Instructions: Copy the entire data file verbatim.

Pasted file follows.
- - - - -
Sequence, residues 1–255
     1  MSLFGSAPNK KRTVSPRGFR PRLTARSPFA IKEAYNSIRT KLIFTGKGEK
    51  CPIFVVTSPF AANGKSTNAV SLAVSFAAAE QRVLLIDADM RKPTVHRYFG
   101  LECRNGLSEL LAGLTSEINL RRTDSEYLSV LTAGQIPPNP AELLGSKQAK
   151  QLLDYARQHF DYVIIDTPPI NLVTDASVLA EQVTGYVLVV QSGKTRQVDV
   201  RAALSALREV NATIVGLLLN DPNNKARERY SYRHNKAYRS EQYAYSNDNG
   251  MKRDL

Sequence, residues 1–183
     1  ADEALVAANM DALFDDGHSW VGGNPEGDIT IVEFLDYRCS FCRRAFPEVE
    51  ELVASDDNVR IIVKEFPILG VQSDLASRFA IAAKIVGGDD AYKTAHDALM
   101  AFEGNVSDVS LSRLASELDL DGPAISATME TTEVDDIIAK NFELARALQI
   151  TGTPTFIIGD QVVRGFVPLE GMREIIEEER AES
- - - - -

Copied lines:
Sequence, residues 1–255
     1  MSLFGSAPNK KRTVSPRGFR PRLTARSPFA IKEAYNSIRT KLIFTGKGEK
    51  CPIFVVTSPF AANGKSTNAV SLAVSFAAAE QRVLLIDADM RKPTVHRYFG
   101  LECRNGLSEL LAGLTSEINL RRTDSEYLSV LTAGQIPPNP AELLGSKQAK
   151  QLLDYARQHF DYVIIDTPPI NLVTDASVLA EQVTGYVLVV QSGKTRQVDV
   201  RAALSALREV NATIVGLLLN DPNNKARERY SYRHNKAYRS EQYAYSNDNG
   251  MKRDL

Sequence, residues 1–183
     1  ADEALVAANM DALFDDGHSW VGGNPEGDIT IVEFLDYRCS FCRRAFPEVE
    51  ELVASDDNVR IIVKEFPILG VQSDLASRFA IAAKIVGGDD AYKTAHDALM
   101  AFEGNVSDVS LSRLASELDL DGPAISATME TTEVDDIIAK NFELARALQI
   151  TGTPTFIIGD QVVRGFVPLE GMREIIEEER AES